"Ladybird", Creativity, And The Magic Of Going Home

By: Danielle Acton

"Anybody who talks about California hedonism has never spent a Christmas in Sacramento."

Those words from Joan Didion were written across a black screen as Lady Bird (2017) began. I took a deep breath and I listened to Christine, Lady Bird, speak. I was home for Christmas break, sitting in a theatre in Sacramento, California. Christine’s first line of dialogue is a question to her mother, asking if she looks like she’s from Sacramento. At that moment, I knew that Lady Bird was not simply a coming of age movie that would make me feel nostalgic. I was watching experiences that I had only been able to speak about before. Suddenly, my experiences were tangible, and that’s what makes Lady Bird such an important film, not only to me, but also to every other creative young woman from Sacramento, California.

Lady Bird’s experiences reflect the narratives of many young Sacramento creatives. I was born in the Bay Area, but my family moved to a suburb outside of Sacramento when I was merely three years old. Sacramento, established around the gold rush era, features a mix of tourist attractions focused on capturing the pioneering spirit that brought early settlers as well the Natives who inhabited the land. Frankly, there was nothing for me there. Very quickly you reach the point where you’ve been to every tourist spot, you’ve walked along every street, and you’ve even watched a few weddings at Caesar Chavez park. These are the rights of passage of every Sacramento native.

Just like Christine, I also participated in a youth theatre company in the city that spread my time between rehearsals, thrifting for costumes, and school. I also was able to meet girls from St. Francis, the Catholic school that Christine’s fictional school is based on. My anxiety was bad so I didn’t make lead roles but I was comfortable in the ensemble and loved how theatre consumed my time. Thrifting played a major role in my theatre life but it’s also a huge part of Sacramento culture. There are dozens but somehow, the film had a scene in the EXACT shop that I would go to for my costumes and oftentimes everyday clothes. That shop is near the theatre we rehearsed in and now it’s in movie theatres across the country.  Seeing that on film, made tears come to my eyes. It was a reminder of growing up and leaving home.

I came to terms with the fact that I wanted to leave Sacramento soon after I realized my desires to work in television production and to attend film school. Sac State just felt too close, and my only opportunity for work would be at the local news stations which I had already conquered in high school (I was the director of my own broadcast program). I had experiences and privileges that allowed me to go to a summer film academy in LA, and as I discovered I wanted to work in television, I saw that the schooling opportunities were not what I wanted. It was then I realized I didn’t want to stay in California for college. I needed a fresh place, a creative reboot. Luckily, my family understood my want for more, which is a key difference in my story versus Christine’s. And of course, I also needed a school to accept my poor math performance from high school, much like Christine.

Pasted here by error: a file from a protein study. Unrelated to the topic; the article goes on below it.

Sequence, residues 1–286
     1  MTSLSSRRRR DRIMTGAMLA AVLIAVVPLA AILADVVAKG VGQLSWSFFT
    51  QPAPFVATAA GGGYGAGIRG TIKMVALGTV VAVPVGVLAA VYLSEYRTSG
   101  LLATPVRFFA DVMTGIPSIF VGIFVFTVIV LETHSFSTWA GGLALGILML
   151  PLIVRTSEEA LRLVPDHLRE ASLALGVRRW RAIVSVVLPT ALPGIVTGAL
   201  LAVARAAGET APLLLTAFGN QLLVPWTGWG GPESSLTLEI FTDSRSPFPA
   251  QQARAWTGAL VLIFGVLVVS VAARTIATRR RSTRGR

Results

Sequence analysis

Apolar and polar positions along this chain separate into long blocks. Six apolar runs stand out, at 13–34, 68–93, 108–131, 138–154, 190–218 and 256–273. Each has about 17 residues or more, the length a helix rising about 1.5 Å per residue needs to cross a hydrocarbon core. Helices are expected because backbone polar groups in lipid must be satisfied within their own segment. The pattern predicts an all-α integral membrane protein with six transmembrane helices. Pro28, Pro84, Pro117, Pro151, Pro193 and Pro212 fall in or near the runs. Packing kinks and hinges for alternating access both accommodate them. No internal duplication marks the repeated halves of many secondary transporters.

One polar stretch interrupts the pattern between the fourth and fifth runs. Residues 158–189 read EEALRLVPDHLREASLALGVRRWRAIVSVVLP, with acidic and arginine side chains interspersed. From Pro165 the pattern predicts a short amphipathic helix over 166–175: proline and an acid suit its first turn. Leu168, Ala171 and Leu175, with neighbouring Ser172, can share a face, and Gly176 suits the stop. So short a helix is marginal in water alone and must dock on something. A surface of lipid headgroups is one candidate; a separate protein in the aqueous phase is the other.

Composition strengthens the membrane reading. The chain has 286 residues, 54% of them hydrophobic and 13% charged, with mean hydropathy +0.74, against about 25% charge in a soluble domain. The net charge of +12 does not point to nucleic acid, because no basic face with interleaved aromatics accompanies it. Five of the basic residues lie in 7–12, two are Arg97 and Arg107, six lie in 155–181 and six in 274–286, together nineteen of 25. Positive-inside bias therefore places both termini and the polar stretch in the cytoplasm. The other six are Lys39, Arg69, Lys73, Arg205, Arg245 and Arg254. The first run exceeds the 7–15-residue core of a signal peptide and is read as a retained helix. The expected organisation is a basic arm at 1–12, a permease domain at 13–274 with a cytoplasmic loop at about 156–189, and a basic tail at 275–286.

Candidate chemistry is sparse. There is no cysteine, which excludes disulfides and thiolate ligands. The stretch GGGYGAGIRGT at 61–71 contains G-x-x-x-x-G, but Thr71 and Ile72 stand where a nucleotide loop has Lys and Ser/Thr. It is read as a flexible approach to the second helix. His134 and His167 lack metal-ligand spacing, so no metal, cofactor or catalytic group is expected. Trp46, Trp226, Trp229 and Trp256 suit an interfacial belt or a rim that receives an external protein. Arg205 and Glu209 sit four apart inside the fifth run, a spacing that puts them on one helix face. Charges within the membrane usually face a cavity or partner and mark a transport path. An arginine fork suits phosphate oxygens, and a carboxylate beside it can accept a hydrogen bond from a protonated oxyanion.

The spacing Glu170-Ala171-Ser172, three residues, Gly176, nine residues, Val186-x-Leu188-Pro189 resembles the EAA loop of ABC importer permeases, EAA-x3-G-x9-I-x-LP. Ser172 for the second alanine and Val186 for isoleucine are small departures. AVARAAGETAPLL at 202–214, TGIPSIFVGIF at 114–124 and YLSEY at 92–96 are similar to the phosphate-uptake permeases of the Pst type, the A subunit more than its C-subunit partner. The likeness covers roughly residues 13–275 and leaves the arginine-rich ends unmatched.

Now, I’m in my second year at Columbia College Chicago and it’s been tough, but going to a school outside of Sacramento has given me a fondness for the city that I did not have as a teen. I took for granted things I now know to appreciate, like Sacramento’s art scene. Moments in my life have been defined by the city and to have them anywhere else would be so strange. I had my first jury duty in Sacramento last summer and it was 109 degrees, and it was awful, but it felt like home. Scorching weather is so common; it’s just a part of me. It’s the little things like that I miss the most honestly. I could spend all day analyzing and telling you why lady Bird encapsulates my life but that would be, like Sacramento, a bit boring.

The main story in Lady Bird is that Christine does not want to stay in California. While I sit typing this on my laptop, in my childhood bedroom, someone is filling out an application or desperately waiting for a UC or a CSU to accept them. But that just wasn’t me. I didn’t feel creatively challenged by the UC’s or the CSU’s.

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Like Lady Bird says, I wasn’t going to apply to UC Davis. It’s only 30 minutes away and I, a television student, was not going to go to a school famous for its agriculture program. I don’t know if there’s any better way than Lady Bird to explain why I didn’t go to school instate and chose Chicago of all places instead. Lady Bird hits every nail on the head about why you want to leave. But it also reminds you that this is home, and it will always be home. Sometimes you just need to come home and drive through the streets past the Tower Theatre, past the Capital Building, over the tower bridge, and through West Sac to find yourself again.

Did you get emotional the first time you drove in Sacramento?

trailer: A24

 

Danielle Acton is a 19 year old bisexual female directing/producing student at Columbia College Chicago. She originates from Northern California with a strong background in studio based television stemming from a daily high school broadcast. Her work includes short films from The Dodge College Summer Film Academy, a short film for the PAH Festival ran by Christopher Coppola, Short films for Columbia College Chicago, and studio shows like Midwest Emmy nominated The 30 with Joshua Short. As a goal for her career she would like to focus her directing in studio based female led shows, or working for a production company that centers women and minorities.

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